Speakman says the delays reflect the complexity of issues, which sit across several portfolios. “There are over 100 recommendations that we’re considering closely, and we want to get it right,” he says.
Government sources have told the Herald the response will be about all drugs, not just ice, and focus on public health spending. Remaining discussion is focused on legal options such as pre-court diversions and an infringement scheme as an alternative to decriminalisation.
For example, the submission from the former police commissioner opposed decriminalisation but suggested the increased use of criminal infringement notices for minor drug possession offences, as currently used at music festivals. If adopted, the consequence would be that drug possession would remain a crime, but police would have the ability to issue infringement notices that don’t result in a criminal record.
In 2019, the National Drug Strategy Household Survey conducted by the Australian Institute of Health and Welfare, found 43 per cent of Australians have used a drug illicitly in their lifetime, and 16.4 per cent in the past 12 months.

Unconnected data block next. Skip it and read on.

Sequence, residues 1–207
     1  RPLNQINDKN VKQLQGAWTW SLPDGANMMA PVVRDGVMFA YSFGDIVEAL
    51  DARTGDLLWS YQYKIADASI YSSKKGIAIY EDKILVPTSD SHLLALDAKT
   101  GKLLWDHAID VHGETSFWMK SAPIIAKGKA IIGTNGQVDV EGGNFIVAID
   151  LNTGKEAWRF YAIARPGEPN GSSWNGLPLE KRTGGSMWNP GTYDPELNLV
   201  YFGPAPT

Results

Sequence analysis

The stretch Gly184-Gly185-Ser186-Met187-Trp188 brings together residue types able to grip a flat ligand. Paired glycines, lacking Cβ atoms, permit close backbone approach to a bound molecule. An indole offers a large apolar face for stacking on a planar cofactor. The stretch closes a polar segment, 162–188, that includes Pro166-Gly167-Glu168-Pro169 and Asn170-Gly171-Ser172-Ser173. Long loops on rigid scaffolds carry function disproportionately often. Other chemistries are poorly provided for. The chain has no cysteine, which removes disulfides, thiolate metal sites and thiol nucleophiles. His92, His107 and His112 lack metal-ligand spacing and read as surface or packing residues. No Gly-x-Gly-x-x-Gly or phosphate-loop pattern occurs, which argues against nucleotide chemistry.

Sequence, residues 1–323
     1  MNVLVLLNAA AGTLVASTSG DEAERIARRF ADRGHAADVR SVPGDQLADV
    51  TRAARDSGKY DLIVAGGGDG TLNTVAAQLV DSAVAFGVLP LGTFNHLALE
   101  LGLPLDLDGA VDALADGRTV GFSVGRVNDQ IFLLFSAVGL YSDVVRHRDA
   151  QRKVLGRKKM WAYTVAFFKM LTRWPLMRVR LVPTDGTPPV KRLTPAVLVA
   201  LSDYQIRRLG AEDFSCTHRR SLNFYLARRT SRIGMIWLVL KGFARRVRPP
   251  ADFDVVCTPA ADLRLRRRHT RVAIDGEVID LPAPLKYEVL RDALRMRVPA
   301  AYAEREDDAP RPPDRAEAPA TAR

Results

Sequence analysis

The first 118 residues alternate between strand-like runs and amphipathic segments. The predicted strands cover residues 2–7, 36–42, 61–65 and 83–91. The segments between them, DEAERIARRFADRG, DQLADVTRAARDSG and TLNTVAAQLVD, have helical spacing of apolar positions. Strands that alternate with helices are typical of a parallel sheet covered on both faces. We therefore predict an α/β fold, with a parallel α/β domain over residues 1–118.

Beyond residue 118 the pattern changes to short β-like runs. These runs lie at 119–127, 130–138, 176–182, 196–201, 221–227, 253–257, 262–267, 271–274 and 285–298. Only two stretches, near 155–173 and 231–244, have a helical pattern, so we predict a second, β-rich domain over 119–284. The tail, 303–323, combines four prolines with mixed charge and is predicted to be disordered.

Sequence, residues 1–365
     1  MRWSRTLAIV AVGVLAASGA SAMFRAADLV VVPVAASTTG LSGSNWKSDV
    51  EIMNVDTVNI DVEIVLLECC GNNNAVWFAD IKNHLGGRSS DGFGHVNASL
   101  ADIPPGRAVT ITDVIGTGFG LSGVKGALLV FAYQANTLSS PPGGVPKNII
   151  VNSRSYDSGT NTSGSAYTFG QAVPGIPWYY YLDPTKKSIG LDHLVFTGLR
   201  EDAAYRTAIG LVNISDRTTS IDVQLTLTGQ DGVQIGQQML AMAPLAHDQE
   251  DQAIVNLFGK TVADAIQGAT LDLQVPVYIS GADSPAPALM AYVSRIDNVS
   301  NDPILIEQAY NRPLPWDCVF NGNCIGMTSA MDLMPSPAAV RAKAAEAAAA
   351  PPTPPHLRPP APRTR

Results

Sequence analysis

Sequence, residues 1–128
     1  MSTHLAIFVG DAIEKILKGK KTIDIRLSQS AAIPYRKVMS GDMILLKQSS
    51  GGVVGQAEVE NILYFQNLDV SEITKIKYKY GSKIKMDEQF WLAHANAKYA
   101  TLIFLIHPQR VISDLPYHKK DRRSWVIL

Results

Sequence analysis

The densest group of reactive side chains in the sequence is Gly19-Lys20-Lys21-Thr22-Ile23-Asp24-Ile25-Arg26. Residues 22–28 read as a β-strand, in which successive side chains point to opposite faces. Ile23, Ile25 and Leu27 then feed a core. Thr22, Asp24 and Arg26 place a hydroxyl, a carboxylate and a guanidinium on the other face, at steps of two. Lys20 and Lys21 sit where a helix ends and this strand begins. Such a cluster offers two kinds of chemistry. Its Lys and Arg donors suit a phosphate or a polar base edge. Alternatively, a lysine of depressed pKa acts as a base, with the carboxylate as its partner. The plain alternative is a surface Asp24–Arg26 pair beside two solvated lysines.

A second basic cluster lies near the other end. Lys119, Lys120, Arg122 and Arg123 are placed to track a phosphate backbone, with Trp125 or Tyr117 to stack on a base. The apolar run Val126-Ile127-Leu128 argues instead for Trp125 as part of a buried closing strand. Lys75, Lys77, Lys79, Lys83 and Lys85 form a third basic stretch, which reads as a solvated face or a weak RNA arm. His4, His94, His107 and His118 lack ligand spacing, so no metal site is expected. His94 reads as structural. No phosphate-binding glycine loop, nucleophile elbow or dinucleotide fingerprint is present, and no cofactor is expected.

But in a generational shift, young people are more likely to be sober than in the past – back in 2001, people in their 20s were the most likely of all age groups to have used an illicit drug in their lifetime, but by 2019 it was people in their 40s.
(This is a trend that applies to alcohol as well. The survey found teenagers start drinking an average of one-and-a-half years later in 2019 than 2001, and the proportion of 20-somethings who don’t drink at all has trebled to almost one in four.)
The institute’s survey found three out of five Australians supported the availability of pill testing at designated sites such as music festivals, about two out of three supported needle and syringe exchange programs, and just under half supported supervised injecting rooms. When asked where money should be spent, people allocated more funds to education than to law enforcement for the first time in 2019.
Uniting, the services arm of the Uniting Church, has mirrored this survey in key seats in NSW, proving to politicians that support for treating drug use as a health issue rather than a crime is high even in the most conservative electorates.
Founding medical director Ingrid van Beek, left, and her successor Marianne Jauncey at the Kings Cross injecting centre.Credit:Louise Kennerley